Our journey in “Hugo” begins with a light snowfall enveloping the Eiffel Tower — an image unremarkable in so many ways, except that these flakes, hypnotically descending from a winter sky as they gather on the nearby Montparnasse railway station, seem to drift off the screen and into our laps.
It is magical sleight of hand, a 3-D illusion masterfully created by a director, Martin Scorsese, who might seem unlikely to embrace a technology some dismiss as a gimmick. But why wouldn’t Scorsese, still a passionate student of film at 69, want to explore every possibility of his chosen medium?
Still, a children’s fable, from the man who gave us “Taxi Driver” and “Goodfellas”? It might seem unusual for the native New Yorker to stray so far from his perceived comfort zone, the dark alleys of the criminal underworld.
But why should it? How quickly we forget departures such as “The Age of Innocence,” his adaptation of Edith Wharton’s period romance, or “Kundun,” his portrait of the 14th Dalai Lama.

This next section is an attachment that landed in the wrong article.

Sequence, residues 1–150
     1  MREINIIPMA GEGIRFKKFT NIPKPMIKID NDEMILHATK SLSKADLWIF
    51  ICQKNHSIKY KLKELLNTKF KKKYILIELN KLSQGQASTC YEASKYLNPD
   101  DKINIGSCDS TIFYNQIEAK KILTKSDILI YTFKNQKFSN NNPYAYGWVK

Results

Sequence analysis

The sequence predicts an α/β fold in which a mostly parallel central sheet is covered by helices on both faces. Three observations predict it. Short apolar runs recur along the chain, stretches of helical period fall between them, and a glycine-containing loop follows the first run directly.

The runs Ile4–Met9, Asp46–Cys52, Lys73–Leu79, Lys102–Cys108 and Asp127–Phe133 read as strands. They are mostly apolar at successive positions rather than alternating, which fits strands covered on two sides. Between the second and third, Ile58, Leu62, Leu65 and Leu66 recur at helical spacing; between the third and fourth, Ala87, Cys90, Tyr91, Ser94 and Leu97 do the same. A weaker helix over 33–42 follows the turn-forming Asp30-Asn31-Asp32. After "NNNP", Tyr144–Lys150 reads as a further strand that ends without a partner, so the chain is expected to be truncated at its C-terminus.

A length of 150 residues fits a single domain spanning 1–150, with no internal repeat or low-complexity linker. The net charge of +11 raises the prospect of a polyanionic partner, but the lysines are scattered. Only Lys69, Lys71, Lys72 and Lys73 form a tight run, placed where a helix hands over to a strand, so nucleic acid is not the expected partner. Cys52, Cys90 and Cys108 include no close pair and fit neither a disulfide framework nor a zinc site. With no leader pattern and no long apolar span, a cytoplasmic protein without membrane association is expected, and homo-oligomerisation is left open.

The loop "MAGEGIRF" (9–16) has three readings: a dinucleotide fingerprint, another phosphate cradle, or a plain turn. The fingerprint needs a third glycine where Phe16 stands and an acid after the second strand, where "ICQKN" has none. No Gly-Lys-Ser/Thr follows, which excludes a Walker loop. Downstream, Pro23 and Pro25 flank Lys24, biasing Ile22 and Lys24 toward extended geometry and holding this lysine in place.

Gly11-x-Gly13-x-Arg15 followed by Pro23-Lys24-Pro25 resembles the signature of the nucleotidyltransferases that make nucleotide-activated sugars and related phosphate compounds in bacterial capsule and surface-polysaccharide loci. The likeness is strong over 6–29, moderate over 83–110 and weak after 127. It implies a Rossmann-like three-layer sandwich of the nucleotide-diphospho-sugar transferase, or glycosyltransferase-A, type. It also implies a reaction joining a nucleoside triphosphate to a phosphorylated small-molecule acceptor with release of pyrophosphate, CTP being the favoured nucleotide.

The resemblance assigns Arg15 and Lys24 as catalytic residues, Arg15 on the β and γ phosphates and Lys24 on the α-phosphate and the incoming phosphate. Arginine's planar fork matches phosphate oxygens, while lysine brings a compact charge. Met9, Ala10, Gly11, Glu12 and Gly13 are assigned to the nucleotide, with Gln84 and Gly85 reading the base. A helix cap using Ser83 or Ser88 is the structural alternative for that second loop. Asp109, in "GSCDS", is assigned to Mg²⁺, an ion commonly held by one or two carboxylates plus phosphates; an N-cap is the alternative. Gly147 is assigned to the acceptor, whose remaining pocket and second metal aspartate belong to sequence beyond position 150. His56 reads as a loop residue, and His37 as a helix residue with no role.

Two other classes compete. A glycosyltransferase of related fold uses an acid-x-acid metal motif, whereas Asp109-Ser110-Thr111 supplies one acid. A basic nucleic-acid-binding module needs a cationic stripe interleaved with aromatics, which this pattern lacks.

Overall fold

“Hugo,” inspired by Brian Selznick’s fictionalized history of turn-of-the-century filmmaker Georges Méliès, is no simple fairy tale.
A sumptuous fantasy about an orphan determined to keep alive his late father’s inventive spirit, the movie is also an appeal for film preservation from one of cinema’s most heralded storytellers.
Scorsese says he felt “an immediate connection to the story of a boy, his loneliness, his association with cinema and the machinery of creativity. Reading the book to my daughter was like rediscovering the work of art again, but through the eyes of a child.”
Scorsese sought to create a heightened, self-contained universe set in 1931 Paris. To play Méliès, who directed 531 films before 1914, only to have his stock seized by the French army and melted into boot heels during World War I, he called on “Shutter Island” star Sir Ben Kingsley, whom Scorsese calls “one of the greats.”
Kingsley, 67, who bristles at the perception of “Hugo” as mere family entertainment, repays the compliment. “Marty is a genius who directs with empathy and compassion, and to make a movie about saving film — he’s the perfect man for the job,” he says.